Five Most Effective Ways to Invest in Your Career
By Glenn Llopis
You are accountable for your own success. As such, it is your responsibility to discover your special gifts, attributes and capabilities that can give you a competitive edge and the greatest probability to have a flourishing career. Career management requires quality networking, being in the right place at the right time, earning a voice at the table, knowing your unique value proposition and how to use it, managing your personal brand, being influential – to name a few essentials. But in the end, all of these factors require one important thing: a personal commitment to manage and invest in your career the right way.
On the surface, this sounds simple – but it is actually quite time consuming and requires strategic thought and planning. Making an investment in your career requires you to know what you should invest your time, money and resources in. Think of it like the stock market; most people rely on financial experts and / or online tools to help them manage their portfolios based on a multitude of factors that include: the amount of money they are willing to invest, how much risk they are comfortable taking, what type of commitment they will make to manage their investment decisions and keep track of their desired outcomes – amongst many others. Similarly, when you invest in your career and personal development, you must do it with the end game in mind. For example, what performance improvements and career advancement outcomes do you expect, and when will you be able to see favorable financial results and lifestyle changes as a result of your investment?
I have seen too many people waste time and money on making career investments that don’t align with their passionate pursuits and ultimate career ambitions. They can’t see the opportunities around them that they can effectively seize for their own advancement and personal satisfaction. For example, I have seen many invest in learning about the real estate market because their friends made a lot of money in it. However, after spending thousands of dollars and hundreds of hours, nothing tangible resulted from their investment. This is a common occurrence with people who are so influenced by what others believe they should do in their careers that they become disconnected from themselves.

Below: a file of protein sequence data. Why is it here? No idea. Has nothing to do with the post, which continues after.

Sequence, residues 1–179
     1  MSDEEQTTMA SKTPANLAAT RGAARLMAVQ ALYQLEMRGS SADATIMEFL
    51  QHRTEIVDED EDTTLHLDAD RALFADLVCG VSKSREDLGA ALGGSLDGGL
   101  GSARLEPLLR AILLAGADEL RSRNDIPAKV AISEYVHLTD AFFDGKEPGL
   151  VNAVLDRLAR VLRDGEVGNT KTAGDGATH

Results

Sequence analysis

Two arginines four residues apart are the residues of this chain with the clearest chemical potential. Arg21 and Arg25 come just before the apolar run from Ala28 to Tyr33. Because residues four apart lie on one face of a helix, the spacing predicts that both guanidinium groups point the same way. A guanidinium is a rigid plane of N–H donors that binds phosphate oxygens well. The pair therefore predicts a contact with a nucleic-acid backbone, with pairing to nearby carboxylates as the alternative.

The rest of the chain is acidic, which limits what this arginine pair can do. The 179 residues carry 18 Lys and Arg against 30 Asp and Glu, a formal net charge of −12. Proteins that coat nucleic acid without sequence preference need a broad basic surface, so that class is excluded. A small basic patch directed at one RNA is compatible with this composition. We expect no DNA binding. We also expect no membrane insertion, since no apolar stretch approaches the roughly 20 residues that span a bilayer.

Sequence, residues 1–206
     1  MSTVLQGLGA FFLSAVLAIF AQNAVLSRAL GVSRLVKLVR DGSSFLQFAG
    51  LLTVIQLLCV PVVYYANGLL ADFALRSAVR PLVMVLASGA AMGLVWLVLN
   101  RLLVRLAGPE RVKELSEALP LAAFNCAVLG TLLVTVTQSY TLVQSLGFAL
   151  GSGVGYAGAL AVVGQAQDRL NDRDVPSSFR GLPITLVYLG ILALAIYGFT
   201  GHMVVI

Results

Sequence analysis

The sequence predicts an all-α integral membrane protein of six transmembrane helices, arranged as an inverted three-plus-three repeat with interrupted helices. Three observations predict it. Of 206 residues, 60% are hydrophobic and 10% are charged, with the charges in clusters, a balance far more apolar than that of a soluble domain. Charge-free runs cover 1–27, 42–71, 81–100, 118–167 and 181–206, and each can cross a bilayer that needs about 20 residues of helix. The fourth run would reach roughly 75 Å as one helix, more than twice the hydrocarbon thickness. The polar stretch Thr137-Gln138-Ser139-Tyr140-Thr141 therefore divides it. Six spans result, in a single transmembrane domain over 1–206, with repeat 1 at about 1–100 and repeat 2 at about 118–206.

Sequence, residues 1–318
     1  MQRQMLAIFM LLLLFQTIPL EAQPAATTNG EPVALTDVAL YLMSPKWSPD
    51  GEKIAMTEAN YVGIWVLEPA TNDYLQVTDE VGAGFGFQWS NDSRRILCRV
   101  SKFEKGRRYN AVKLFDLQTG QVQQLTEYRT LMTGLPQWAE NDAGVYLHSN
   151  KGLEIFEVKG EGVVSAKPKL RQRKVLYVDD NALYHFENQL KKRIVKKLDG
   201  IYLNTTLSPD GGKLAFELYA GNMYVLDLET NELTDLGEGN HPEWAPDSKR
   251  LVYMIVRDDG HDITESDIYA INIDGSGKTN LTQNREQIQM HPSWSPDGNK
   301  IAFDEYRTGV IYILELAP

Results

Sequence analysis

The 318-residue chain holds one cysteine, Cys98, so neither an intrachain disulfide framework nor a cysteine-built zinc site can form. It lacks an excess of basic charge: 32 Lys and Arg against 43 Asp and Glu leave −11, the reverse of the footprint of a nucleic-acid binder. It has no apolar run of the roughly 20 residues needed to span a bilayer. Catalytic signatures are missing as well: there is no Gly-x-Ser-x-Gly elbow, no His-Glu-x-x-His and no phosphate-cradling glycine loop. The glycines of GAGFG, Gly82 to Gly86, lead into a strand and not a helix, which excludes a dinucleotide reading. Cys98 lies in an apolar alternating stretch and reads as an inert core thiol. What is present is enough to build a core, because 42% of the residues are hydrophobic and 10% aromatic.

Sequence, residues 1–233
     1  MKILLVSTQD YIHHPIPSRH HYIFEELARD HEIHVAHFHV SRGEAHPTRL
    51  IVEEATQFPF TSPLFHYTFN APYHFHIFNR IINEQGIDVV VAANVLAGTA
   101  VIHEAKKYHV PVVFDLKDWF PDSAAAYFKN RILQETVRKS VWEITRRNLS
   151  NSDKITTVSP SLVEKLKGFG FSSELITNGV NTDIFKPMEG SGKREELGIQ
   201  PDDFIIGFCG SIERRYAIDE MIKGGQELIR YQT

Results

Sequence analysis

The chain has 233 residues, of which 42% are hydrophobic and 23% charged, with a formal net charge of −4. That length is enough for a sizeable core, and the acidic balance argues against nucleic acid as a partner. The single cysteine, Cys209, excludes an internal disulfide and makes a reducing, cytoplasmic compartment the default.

This is what initially happened to me when I started my career. My older brother (a successful executive in his own right) wanted to direct and guide my career. He wanted me to be like him. What he failed to realize was that we were different people, with different skills and completely different personalities and character traits. This is an example of why many people get career anxiety. They begin to hate their jobs and / or become dissatisfied with the succession track they are on – because they are now regretting the career choices they made based on how they were influenced by others along the way. In my case, I soon realized that my brother’s well intentioned attempts didn’t make sense for me as I began to lose touch with my goals and aspirations.
To invest properly in your career, you must know yourself extremely well. Knowing yourself requires you to understand the factors that positively inspire you to achieve something substantive and relevant – with passion – every day. For some people this takes a long time to discover. For others, they know themselves well enough to make good career investment decisions. What do you believe are the most important areas for your career investment? What areas have you already invested in and what were the outcomes? What areas are you currently focusing on now?
Many people don’t have career investment plans because they rely on the organization they serve to provide them. A select few recognize that the investments your employer makes in your career are no longer enough – and most of the time these investments align with the company’s goals, not your specific performance improvement needs for skills and experience that must be transferable across all industries and organizations that you may choose to engage with in the future. In today’s global market, you can no longer afford to wait for your employers to invest in your professional growth and development. You must know yourself and your career ambitions well enough to recognize the necessary career investments you must make and determine your wisest career investment path.